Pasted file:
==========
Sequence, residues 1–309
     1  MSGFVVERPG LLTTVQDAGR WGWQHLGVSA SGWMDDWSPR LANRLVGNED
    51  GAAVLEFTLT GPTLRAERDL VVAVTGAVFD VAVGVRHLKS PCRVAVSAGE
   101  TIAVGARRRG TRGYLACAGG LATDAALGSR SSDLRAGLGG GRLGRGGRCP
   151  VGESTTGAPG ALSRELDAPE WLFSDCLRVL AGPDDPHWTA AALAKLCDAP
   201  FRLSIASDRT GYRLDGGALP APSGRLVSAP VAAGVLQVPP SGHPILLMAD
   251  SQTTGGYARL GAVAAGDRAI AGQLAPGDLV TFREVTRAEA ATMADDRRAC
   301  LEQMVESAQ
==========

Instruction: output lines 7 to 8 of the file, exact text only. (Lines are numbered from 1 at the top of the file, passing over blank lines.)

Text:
   251  SQTTGGYARL GAVAAGDRAI AGQLAPGDLV TFREVTRAEA ATMADDRRAC
   301  LEQMVESAQ